I’m trying to think of metaphors that can stick for a description of the way offensive and defensive basketball interact on the court as a Yin and Yang of sorts. Bare with me.
I believe it was this summer (or was it spring?) that Avatar: The Last Airbender made its American Netflix debut to the glee of our Southern brethren, animation fans. Even though the “chosen one” story telling archetype has proven to resonate with the masses, from antiquated religious texts to the Harry Potter series, it seems that the authentic, far East Asian and Western indigenous lore drew animation fans to the uniqueness of the various Avatar tropes. Examples include the ink calligraphy, the region-specific garments and the bending inclined architecture throughout each nation. I bring this up because there was a certain tale that made its first appearance towards the end of season one that speaks to the interaction of elements to form the ‘whole’.
Within the Spirit Oasis of the Antarctic Southern Water Tribe, there exists a hidden waterfall containing a humid creek and a garden of non-native botanicals surrounding two koi fish chasing one another’s tails in a circle. The fish represent Tui and La, the Ocean and Moon spirits who have crossed over from the spirit realm into the mortal world. The spirits took on the form of koi fish and circled one another in an endless dance of push and pull. In the tale, the Ocean spirit represents the ocean, and the Moon spirit represents the moon and its resulting gravity which causes the tides. When you think about it, without the pull of the Moon’s gravity, the ocean would be still, idle except for the non-rhythmic waves caused by the earth’s winds. Every 12 hours, once the moon pulls the water of the ocean into a high tide, the earth’s gravity pulls back, and what ensues is a dance for power. A read and react. With basketball (no segues here) we see this duel for power on both sides of the ball. The ball being the ocean, the offense and defense representing the 48-minute gravitational battle.
1. The Crossover
This is an easy #1. The crossover requires forcing the defender’s body weight to shift in a way in which they are not prepared. The result is a clumsy trip or fall, not unlike an uncoordinated toddler unsure of the dimensions of their limbs. Something about seeing your teammate guarantee an appearance on highlight reels for the rest of the season causes everyone on the court to let their guard down and ball watch to catch what the handler shall do next. Attempt a shot? Make the shot? Miss? Pass to a rolling teammate? It’s hypnotic and, for a moment, the offensive player plays the role of snake charmer.
2. The Step Back 3
The step back 3’s impact on team morale lies within its degree of difficulty and the execution. A successful step back 3 from an offensively talented player speaks to their skillset and the level of mastery they exist within. For a middling team, it can be a gut punch of hopelessness. Not only does one witness a teammate on their heels, too late to engage in the recovery, but they also have to see a relatively unguardable shot few can complete happen before their eyes.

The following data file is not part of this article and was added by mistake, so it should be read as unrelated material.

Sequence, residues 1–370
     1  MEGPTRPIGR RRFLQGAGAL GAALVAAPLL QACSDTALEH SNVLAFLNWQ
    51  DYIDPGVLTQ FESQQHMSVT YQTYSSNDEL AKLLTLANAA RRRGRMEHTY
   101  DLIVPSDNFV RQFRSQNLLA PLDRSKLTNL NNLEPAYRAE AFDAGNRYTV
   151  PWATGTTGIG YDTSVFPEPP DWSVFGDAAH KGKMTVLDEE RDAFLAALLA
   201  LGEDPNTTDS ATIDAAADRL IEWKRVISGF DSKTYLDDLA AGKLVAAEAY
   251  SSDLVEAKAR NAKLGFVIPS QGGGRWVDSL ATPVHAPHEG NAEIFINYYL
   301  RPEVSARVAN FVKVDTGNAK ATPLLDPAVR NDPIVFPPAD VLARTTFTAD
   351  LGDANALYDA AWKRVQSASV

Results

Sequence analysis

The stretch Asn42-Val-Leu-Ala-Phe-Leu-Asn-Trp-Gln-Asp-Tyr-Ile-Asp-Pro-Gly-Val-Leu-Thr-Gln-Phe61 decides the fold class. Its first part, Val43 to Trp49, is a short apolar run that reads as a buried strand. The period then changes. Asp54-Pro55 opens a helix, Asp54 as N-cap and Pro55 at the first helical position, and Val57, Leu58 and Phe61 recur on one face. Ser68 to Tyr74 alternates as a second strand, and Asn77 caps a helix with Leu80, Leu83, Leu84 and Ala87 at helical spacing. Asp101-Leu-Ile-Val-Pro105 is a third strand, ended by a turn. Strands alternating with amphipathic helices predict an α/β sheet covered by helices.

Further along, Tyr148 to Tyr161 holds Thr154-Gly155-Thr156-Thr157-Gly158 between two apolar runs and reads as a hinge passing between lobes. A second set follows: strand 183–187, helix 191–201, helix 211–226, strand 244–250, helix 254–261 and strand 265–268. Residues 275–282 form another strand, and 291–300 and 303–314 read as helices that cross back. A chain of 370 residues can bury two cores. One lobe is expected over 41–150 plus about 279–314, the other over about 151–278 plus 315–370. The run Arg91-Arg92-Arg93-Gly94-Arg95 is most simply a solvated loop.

3. The Lob Catch
I have to be honest. I’m not a fan of the lob, perhaps because it isn’t a play my favourite team often utilizes, or maybe because, with certain personnel, there is an ease in its completion that…doesn’t seem legal? You mean to tell me that, against any ground bound big man, all one must do is have an athletic wing or center leap, catch and dunk? No matter how talented the defensive player tracking such a pick and roll, there is something steadily demoralizing about being forcefully dunked on. It symbolizes athletic dominance—as if this play will be finished and you can’t do anything but watch and pray the lob threat doesn’t mean mug too hard. Your loved ones are watching.
4. The High Efficiency Midrange
There are only a few players in this league who can legitimately claim the midrange shot as a tool within their arsenal. It’s a look so elusive that basketball statisticians advise against the shot, seeing as how mathematically speaking, layups and 3’s are more rewarding. But for every era of the game comes a handful of players that turn the midrange into a viable option, turning the game from 2 dimensional, to 3 dimensional. This player is inevitable. Usually a highly effective finisher, thus withholding the space required to execute the shot—to the defender’s dismay. The game comes easily to this player, and defensive schemes are…kind of useless.
5. The Relocation 3
This is my personal favourite. The off ball, relocated 3 is typically 100% preventable, but simply speaks to the intellect and endurance of the offensive player, and the absent mindedness of the defender. The constant motion and the resulting opportunism of a wide open 3 is among the most perfect plays of the game. Depending on the degree of openness, defenders seldom attempt to contest the lapse in judgement, as if there’s an unspoken rule that the shot was earned. The movement required to complete the play encapsulates the relationship of motion and reaction between offense and defense almost too perfectly. It sort of reminds me of those viral videos of people doing their jobs really well. Laying bricks, stamping papers at lightning speed, pouring hot tea in a way that makes the stream from the spout look like a glass whip. If there were a basketball equivalent, it would be this very play.